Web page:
If you are looking for an explanation for what looks like an act of myopic short-termism and egregious self-sabotage, there is your answer. Cricket does not have a governing body, and never has.
The final “C” in ICC now officially stands for “council” rather than “conference”, but in reality the ICC remains, in institution-theoretic terms, and intergovernmental (or rather inter-board) forum rather than a truly supranational organisation, and is still largely bereft of real agency. At its core, the ICC is little more than a members club, with the office in Dubai primarily responsible for monetising global events and disbursing the proceeds to its (full) members.
Though the ICC has taken on some of the aspects of an international sports federation since its move to Dubai in 2005, with permanent offices and full-time staff, it remains an organisational pygmy compared to rival sports bodies, and indeed even to some of its own member boards. The ECB, for example, employs almost 300 people, the ICC fewer than 100. In short, it lacks not only the authority but also the sheer institutional capacity to challenge, much less govern its members.
Lacking the sort of effective control which, say FIFA exercises over its member-federations, the ICC can act only in the margins, primarily in areas where the full members are happy to allow it to — anti-corruption, doping (to an extent), in organising qualification structures for world events, preferably as cheaply as possible, and to attempt to replicate the development work of a genuine global sports federation on a shoestring budget. These tasks the ICC performs, generally very well. In the latter case, what the ICC has achieved with ever dwindling resources is nothing short of astonishing.
Yet when it comes to consequential decisions regarding schedules, tournament structures and revenue disbursement, the real decision-makers are not to be found Dubai except when they fly in for conferences. The year-round staff at the ICC can only hope to steer proceedings by careful control of agendas, and seeking to foster consensus around something other than zero-sum outcomes. The final say remains with the Executive Board, still made up primarily of Full Member representatives. In any other context one might speak of conflict of interest, but in truth there is barely any conflict. By and large, Full Member representatives serve the interests of their home boards to the exclusion of all else.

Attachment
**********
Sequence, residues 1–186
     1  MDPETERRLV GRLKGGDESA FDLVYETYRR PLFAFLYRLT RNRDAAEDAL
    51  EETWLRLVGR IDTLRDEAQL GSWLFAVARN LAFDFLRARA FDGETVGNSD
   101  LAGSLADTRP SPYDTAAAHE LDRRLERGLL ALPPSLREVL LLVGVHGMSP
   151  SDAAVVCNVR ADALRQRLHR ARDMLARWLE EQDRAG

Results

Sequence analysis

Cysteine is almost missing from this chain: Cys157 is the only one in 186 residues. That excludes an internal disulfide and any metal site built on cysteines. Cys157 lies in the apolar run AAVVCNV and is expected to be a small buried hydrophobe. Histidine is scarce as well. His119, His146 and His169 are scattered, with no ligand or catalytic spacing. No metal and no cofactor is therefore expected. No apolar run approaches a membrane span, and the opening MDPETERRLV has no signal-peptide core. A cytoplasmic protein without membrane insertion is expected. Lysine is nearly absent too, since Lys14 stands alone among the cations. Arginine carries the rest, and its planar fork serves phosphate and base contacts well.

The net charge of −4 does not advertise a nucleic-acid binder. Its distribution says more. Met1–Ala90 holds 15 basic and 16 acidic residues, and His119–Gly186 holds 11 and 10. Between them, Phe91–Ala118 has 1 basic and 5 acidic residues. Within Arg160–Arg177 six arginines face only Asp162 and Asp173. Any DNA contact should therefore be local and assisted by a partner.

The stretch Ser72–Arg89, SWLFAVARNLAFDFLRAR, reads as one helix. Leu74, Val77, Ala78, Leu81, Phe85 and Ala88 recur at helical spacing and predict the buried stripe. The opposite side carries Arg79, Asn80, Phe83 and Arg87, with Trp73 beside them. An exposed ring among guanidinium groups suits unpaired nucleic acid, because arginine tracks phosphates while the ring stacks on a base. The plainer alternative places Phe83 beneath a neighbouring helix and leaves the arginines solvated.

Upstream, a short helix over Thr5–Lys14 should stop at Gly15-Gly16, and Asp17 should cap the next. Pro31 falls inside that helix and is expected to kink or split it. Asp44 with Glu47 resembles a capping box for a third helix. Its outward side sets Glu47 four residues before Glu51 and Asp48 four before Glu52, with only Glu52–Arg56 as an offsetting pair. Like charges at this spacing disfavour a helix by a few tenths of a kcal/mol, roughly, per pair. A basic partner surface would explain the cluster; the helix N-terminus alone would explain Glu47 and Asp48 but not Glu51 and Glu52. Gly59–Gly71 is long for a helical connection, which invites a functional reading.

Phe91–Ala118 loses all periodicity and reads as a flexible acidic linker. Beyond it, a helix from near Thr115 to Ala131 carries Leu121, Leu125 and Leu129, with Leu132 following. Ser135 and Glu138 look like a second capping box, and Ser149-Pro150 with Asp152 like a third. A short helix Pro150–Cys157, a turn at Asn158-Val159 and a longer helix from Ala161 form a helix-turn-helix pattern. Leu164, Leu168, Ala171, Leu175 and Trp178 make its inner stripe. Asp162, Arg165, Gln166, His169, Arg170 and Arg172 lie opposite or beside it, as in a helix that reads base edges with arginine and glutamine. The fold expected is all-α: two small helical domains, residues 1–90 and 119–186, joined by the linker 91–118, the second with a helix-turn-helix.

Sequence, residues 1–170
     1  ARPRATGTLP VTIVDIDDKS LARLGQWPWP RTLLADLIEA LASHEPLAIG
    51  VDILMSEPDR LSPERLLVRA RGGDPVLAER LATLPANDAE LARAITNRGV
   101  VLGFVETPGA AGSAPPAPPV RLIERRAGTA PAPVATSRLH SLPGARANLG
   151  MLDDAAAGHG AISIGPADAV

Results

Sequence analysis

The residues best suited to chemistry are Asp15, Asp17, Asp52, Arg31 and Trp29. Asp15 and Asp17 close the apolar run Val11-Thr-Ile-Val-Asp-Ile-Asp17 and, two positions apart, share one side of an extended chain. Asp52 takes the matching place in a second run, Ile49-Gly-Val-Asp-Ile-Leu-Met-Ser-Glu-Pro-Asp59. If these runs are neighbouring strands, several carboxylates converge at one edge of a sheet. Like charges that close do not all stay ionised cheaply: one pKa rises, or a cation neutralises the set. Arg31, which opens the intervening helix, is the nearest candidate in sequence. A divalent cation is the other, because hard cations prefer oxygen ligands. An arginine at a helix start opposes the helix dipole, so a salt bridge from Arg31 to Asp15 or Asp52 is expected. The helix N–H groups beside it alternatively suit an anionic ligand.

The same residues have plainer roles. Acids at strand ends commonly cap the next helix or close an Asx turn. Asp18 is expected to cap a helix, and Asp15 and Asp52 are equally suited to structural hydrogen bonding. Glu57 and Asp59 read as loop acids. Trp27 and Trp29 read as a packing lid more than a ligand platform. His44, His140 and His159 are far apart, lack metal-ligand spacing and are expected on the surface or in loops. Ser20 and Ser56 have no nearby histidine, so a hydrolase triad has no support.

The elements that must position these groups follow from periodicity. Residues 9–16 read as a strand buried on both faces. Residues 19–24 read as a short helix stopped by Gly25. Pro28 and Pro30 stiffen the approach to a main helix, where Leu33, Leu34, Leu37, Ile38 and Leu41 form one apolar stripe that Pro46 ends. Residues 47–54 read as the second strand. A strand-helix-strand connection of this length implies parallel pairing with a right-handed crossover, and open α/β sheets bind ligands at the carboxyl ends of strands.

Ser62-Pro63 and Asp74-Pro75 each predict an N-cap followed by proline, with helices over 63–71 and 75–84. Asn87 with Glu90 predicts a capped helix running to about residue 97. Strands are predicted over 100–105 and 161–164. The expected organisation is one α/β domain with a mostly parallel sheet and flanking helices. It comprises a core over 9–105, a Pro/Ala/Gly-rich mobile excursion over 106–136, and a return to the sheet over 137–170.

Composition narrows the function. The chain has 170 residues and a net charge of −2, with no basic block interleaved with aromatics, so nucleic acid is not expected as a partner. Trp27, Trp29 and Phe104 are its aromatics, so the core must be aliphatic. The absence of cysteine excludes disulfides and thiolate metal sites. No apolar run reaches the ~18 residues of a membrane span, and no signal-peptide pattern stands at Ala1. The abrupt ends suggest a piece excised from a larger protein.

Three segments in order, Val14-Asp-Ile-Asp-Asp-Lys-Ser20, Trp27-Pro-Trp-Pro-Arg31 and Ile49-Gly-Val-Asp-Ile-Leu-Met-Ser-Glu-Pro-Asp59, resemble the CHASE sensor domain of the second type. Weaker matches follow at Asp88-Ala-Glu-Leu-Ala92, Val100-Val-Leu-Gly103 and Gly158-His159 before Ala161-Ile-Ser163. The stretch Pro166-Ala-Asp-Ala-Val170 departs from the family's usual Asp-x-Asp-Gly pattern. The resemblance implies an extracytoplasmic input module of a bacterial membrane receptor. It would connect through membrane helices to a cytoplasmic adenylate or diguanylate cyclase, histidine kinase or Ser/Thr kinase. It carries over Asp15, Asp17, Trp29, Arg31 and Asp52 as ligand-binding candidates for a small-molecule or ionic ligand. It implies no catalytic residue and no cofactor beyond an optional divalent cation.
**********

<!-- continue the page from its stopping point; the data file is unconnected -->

These immediate interests leave little space for long-term strategising or growing the pie, much less for generosity or inclusiveness. It is something of an open secret that the majority of ICC staff privately oppose the shrinking of the World Cup, and indeed that most full members are ambivalent at best. The underlying problems of short-termism and lack of vision of which the contracting World Cup is only the most prominent symptom do not stem from some supposed indolence or indifference on the part of the ICC, nor even some moral failing on the part the Board. They are systemic and structural, deriving from the persistence with a Victorian model of governance that is manifestly incompatible with the successful pursuit of the ICC’s stated commitment to a “bigger, better, global game.”
The end result will be clear enough come 2019. The opening ceremony will likely cost more than the annual budgets of the top five Associates combined, and will signal the start of a six-week slog through 45 matches between the same teams that play each other the rest of the time anyway. In all likelihood, it will still dominate the back pages, at least in those countries where cricket news is ever to be found there. In the rest of the world, cricket’s “showcase” event will pass unnoticed...
...insular, smaller, and worse.